During the dressing sequence costumed musicians performed on period instruments. These segments drew applause from the audience.

While not the Globe the design by Jenny Tiramani as much as possible simulated elements of an Elizabethan theatre. There were stalls on either side. These seats on stage were sold out long ago. The actors, as in original performances, chatted and interacted with these patrons. The back of the stage comprised a two leveled structure in wood with two doors and the musicians on the balcony above. There were some eight suspended chandeliers with actual burning candles. During the performance now and then a hunk of wax dropped down with a plop. A deft actor then booted it off the stage.

Over two nights, first Twelfe Night then Richard III there were no changes in the pre performance ritual or staging. It confirmed the “bare pipe” approach of our very own Shakespeare & Company with its stripped down focus on period costumes and props.

Yes, Twelfe Night was funny. Hilarious in fact. But, here’s the kicker, so was Richard III. Huh? The hunch backed fiend played for laughs? We wondered just how authentic was that. I am not enough of a scholar to confirm or deny that approach. Rylance improbably played the history play as a dark comedy.

Of the two plays and performances critics and audiences agree that Twelfe Night was the greater triumph. It will be a travesty if Olivia does not earn Rylance his third Tony Award.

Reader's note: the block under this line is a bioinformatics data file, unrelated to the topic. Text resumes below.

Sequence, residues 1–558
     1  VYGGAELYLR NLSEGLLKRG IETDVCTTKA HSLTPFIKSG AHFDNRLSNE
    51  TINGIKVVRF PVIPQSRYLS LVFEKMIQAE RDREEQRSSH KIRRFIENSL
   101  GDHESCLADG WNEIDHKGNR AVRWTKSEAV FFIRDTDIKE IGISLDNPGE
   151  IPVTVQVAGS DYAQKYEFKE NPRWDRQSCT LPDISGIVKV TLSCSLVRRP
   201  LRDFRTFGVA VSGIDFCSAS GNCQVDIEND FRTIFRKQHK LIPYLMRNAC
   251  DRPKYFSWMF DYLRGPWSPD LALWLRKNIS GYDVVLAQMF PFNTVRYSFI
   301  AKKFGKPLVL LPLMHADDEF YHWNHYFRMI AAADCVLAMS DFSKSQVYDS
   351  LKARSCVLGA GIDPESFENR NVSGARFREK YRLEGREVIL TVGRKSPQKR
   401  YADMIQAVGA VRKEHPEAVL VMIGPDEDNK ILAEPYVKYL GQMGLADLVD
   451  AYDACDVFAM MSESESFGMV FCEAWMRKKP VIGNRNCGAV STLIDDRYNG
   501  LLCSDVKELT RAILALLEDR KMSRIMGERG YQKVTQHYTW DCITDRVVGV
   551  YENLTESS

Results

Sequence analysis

Significantly, during this run which ends in February, there are more performances of Twelfe Night than Richard III. Tickets are still available and you absolutely must see both. If you truly love great theatre be forever cursed and damned should you miss this magnificent tandem.

This double header left no doubt that Rylance is one of the truly magnificent classical actors of his generation. Previously on Broadway I loved his mad performance in La Bete which won no awards.

Much of his knockout physical comedy is off the page. Olivia has taken a vow to shun male company for seven years. Until that is, Viola the wonderful Samuel Barnett, playing a boy who’s a girl playing a boy, shows up as an emissary from Orsino (Liam Brennan). It’s love at first sight and we just roll in the aisles as the simpering Olivia invents excuses and sight gags for him/her/him to return the next day and the day after.

Viola it seems is impersonating her brother assumed drowned in a shipwreck that washed them ashore. There is a wonderful final scene when he shows up in an identical costume and wig. It’s impossible to tell them apart as the play rolls to its rollicking conclusion.

As a small, slight man Rylance gender bends into a truly compelling female. It’s a bit tough, however, to accept him as the murderous Richard who we know is a formidable warrior. Rylance plays him as a hideous imp caught up in wit and laughing at his own jokes.

Truth is we laugh along but all the while feeling somewhat duped.

No, this is not the Richard we have come to expect and hate. Here we are being invited to laugh at and with him.

By now we have been disabused of having any fixed ideas of how Shakespeare is to be played. It is not static text but up to every director and actor to put their own spin on the classic roles. For aficionados of the Bard we come to expect the unexpected.

But this Richard? Come now, really. Rylance, you’ve got to be kidding.


It’s a performance that has us cheering and stomping as well as puzzled and befuddled.

This is a Richard III that will be debated by audiences and critics until, well, the next great Richard comes along.

Which is not bloody likely to be any time soon.